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Clarinetist Theo Jorgensmann’s discography, namely for the “hatOLOGY” record label, speaks intrinsic volumes. The title of this effort might intimate an obvious Ornette Coleman tribute, but the quartet merely skirts the fringes of Mr. Coleman’s pronounced musical ideologies. In fact, none of these pieces were written by Coleman, as the Hybrid Identity implications simply signify the guiding tone of the overall production. The band incorporates Coleman’s harmolodic concepts to a degree. However the musicians perpetuate a personalized game plan, awash with Jorgensmann and vibraphonist Christopher Dell’s complexly woven unison lines. The soloists employ crisscrossing themes atop the rhythm section’s swarming and sometimes, circular pulses. Where Jorgensmann’s radiant musings are augmented by his free-bop approach and soul-drenched sense of swing.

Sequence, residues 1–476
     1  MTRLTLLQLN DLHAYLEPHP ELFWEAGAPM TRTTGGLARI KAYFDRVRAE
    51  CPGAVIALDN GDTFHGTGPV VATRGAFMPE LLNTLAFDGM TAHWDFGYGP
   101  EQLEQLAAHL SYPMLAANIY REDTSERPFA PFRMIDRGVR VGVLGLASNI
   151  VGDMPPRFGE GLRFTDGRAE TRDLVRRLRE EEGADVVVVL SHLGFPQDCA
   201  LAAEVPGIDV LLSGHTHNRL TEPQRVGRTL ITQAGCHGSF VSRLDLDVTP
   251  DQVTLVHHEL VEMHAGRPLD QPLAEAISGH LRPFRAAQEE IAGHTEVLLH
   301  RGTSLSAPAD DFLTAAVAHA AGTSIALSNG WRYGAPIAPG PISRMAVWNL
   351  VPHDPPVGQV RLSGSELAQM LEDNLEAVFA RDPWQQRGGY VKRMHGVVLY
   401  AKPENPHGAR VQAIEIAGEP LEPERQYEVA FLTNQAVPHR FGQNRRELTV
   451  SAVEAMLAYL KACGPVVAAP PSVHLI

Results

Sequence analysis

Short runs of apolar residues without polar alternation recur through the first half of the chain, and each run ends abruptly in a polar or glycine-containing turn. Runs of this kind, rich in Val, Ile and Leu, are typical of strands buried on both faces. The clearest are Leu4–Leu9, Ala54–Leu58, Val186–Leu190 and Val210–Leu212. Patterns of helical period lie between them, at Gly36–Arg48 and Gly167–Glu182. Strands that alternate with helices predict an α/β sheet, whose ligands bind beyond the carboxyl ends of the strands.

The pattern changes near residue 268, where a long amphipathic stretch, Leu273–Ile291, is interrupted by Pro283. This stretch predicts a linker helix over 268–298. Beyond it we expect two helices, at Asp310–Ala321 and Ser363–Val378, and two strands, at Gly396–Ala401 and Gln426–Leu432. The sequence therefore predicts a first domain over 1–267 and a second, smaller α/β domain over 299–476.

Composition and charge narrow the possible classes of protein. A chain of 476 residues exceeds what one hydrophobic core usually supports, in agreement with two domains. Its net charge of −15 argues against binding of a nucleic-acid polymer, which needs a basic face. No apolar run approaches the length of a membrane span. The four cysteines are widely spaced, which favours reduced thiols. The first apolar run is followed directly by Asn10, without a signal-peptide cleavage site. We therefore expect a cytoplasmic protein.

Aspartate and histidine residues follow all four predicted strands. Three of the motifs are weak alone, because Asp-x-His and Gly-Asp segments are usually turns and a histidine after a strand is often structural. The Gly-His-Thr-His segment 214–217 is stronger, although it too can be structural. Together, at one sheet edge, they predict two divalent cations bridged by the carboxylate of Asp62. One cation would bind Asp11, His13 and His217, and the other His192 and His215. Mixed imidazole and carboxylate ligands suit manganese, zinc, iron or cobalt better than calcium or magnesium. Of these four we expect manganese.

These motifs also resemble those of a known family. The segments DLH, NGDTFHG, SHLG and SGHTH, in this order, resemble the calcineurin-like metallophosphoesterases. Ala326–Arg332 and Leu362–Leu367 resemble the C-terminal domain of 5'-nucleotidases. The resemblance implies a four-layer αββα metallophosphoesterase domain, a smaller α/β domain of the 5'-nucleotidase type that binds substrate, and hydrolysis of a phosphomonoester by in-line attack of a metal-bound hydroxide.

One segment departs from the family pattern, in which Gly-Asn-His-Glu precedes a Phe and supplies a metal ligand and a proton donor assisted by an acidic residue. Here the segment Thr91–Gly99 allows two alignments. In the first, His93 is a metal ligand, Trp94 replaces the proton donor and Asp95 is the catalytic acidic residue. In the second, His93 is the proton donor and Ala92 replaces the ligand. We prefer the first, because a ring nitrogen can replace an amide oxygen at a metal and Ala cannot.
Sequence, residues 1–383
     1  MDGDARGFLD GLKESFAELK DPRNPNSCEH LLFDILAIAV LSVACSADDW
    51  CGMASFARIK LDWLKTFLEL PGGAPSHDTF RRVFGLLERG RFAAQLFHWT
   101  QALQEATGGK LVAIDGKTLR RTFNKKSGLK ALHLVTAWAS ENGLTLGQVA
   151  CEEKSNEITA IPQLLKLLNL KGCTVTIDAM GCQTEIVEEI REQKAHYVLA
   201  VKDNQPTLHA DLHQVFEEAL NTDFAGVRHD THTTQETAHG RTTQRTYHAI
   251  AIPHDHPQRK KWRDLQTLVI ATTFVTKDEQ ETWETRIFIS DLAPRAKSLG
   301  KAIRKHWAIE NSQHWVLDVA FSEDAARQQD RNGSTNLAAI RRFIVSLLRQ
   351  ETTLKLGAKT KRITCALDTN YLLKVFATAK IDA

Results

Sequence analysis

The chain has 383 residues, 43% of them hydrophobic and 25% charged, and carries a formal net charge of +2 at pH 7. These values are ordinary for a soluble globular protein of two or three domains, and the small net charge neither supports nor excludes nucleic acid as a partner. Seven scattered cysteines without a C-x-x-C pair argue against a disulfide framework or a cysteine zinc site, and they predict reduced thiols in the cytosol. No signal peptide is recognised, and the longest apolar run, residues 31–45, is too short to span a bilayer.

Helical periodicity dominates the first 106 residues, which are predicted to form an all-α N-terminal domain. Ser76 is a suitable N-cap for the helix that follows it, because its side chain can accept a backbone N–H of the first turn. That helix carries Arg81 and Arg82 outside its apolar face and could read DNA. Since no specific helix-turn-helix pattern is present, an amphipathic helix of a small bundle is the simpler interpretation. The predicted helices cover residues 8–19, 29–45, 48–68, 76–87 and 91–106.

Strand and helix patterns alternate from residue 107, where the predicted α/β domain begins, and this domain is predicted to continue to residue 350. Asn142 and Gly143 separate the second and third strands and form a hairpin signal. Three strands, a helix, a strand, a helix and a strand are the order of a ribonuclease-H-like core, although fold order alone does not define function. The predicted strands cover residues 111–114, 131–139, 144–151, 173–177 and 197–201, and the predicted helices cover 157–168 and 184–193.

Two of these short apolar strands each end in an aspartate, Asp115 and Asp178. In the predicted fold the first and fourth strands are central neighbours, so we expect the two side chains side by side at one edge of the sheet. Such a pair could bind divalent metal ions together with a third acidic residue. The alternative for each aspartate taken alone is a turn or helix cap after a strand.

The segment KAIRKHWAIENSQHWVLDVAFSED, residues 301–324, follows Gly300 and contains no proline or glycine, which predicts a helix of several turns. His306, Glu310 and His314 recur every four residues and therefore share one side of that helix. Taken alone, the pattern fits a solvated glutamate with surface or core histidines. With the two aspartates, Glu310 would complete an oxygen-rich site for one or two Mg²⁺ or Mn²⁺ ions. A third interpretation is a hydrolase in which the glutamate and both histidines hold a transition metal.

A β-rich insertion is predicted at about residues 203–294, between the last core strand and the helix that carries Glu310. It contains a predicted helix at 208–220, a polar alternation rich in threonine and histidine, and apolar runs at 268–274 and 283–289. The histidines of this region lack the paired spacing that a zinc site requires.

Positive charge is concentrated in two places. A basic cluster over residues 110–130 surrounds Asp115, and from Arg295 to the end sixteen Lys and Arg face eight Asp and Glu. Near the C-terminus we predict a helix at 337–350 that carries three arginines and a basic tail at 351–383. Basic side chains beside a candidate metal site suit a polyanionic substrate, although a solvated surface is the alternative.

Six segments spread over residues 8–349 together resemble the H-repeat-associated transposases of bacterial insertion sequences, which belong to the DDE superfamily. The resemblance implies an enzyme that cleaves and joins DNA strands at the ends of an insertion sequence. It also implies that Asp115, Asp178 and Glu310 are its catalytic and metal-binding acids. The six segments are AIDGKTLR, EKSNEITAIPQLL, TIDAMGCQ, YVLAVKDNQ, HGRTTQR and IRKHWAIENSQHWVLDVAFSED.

On the title track “Hybrid Identity,” the group renders a garrulous set of exchanges, marked by punctuating choruses and turbulent underpinnings. Here, they pursue a faint yet philanthropic kinship with Coleman’s blanketed concepts as they redirect those sensibilities into a launching pad for expansion. With “Veneta,” the band executes a free flowing and altogether airy sequence of grooves marked by ethereal undercurrents and dissimilar tonalities. Hence, the quartet instills additional hope for modern jazz via this superbly configured exposition. (Vigorously recommended)
I love jazz because it’s what sounds
I was first exposed to jazz in my
parents household and in school
I appreciate many styles of jazz
and shy away from really outside
stuff. I enjoy relating to the
One of the best shows I ever
attended was 1975 Chick Corea’s
Return To Forever tour at an
intimate venue in downtown
The first jazz record I bought was
Herbie Hancock’s Chameleon.
My advice to new listeners is try
several styles before you decide
what jazz is all about!
Listen to music daily and stay open